that I'd like to use to create a 2-wires RS485 bus with 10 nodes.
However this transceiver isn't true fail-safe, so the receiver, if enabled, has an undefined output (with wrong data received from the UART) if the inputs are open or shorted.
This is a 2-wires bus, so only one node transmits at one time. After transmitting it disables the transmitter. In the period from the disabling of the transmitter of one node and the enabling of the transmitter of another node, the bus is in high-impedance (idle) state.
Of course, I use resistors between the two wires of the bus (as illustrated in Figure 15 of the datasheet), but in idle state the receivers reads 0V so the output is undefined!
How this bus could work with transceiver like the SN75176?
That is "background" information that you are supposed to know about. Just like there is no amplifier design tutorial in the datasheet of a transistor. It would lead to massive duplication of material.
Having said that I got bit by this the first time I implemented RS485.
But that was a long time ago, before everything was a google search away. (Kids of today...)
Since we are talking about RS-485 and hence half duplex, any retransmission will degrade the troughput significantly, especially at high line speeds (due to various turn around delays), every means should be used to keep the bus in good condition.
Even if a frame always starts with a known character and hence noise characters can be ignored, the problem is false start bits less than a character time before the frame, such as reflections from a previous frame, will completely garble the frame.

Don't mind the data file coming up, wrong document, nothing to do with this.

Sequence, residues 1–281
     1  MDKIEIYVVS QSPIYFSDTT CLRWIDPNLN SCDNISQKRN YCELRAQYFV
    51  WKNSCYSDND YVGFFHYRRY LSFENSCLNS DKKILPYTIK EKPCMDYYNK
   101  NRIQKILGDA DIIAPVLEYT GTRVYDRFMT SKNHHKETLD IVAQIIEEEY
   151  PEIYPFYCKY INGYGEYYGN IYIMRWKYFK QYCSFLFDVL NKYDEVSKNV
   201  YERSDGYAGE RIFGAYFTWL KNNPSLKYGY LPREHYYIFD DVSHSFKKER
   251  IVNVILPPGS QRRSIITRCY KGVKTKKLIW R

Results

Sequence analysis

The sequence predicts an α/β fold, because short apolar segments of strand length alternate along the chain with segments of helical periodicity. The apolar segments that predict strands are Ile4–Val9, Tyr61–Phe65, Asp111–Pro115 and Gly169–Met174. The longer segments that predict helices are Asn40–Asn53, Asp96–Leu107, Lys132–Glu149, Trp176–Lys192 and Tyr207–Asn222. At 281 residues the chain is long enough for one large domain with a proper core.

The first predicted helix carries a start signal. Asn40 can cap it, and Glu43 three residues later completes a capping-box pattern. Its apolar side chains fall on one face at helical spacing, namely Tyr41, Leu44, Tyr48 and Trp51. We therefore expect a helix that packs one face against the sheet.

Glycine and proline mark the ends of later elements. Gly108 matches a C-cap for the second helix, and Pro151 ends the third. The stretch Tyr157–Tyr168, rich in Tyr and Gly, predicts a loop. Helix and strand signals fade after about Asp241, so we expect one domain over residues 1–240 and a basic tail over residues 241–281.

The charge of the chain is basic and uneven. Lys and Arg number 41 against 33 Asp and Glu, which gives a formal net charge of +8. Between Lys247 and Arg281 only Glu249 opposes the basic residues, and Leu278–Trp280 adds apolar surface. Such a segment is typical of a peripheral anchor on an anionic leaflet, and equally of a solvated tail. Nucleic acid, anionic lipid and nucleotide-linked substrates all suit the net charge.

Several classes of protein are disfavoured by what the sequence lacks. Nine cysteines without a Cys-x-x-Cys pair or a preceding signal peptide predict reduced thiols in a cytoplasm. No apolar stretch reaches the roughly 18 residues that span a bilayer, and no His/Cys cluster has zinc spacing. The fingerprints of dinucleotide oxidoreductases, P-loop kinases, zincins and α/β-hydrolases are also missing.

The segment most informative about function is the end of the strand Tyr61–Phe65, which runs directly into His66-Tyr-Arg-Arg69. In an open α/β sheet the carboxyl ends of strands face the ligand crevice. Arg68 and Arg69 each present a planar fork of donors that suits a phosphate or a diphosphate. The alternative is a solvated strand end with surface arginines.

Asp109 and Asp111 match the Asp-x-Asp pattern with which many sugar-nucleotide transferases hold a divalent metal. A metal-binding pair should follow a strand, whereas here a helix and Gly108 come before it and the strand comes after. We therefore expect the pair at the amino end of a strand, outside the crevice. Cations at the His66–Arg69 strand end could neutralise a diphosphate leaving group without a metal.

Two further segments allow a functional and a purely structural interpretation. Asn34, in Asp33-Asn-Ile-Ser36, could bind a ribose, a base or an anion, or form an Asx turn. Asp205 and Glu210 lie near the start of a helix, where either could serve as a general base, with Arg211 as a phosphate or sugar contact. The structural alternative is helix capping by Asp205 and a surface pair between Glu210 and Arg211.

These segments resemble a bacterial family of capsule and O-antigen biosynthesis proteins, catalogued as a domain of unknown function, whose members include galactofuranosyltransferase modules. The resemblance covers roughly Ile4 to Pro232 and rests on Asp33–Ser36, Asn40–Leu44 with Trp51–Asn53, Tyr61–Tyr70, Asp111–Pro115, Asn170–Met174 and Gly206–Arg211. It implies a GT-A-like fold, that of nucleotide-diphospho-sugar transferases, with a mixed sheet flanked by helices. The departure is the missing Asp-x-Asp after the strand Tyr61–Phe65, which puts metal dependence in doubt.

One problem that really addresses these issues is Modbus RTU *IF* implemented according to the book. To send a frame, the first thing is to turn on the transmitter and actively drive it to the Idle/Mark ("1") state. Then you wait at least 3.5 character times, during which any reflections should die out and all receivers should see a healthy Idle/Mark. Only after this, there is the start bit Space ("0") of the first character in the frame.
After the actual message has been transmitted and the stop bit Mark ("1") of the last character has been sent, the line remains actively driven in the Mark/Idle ("1") state for an additional 3.5 character times, effectively killing any reflections and also ensuring a reliable end of frame detection. Only after this, is the transmitter put into tri-state and let the line float.
Thus, _if_ Modbus RTU is properly implemented, it should also work on networks that do not use fail-safe termination and even if the termination is done badly or the network topology is bad. Other protocols on the same network would most likely suffer more retransmissions.
Unfortunately, it often is not. Many slave implementations seem to ignore the 3.5 byte-time requimrent and will answer immediately following a command. Even worse, I've run into masters that will send a command immediately after receiving the last byte of a slave response -- which, on a 2-wire system makes it hard for other slaves to determine where the command actually began.
Of the implementations that do provide a 3.5 byte time gap, many of then don't drive the line to the Mark state during that gap -- they just don't transmit.
It's a shame, because the gap requirement was actually a very clever idea.
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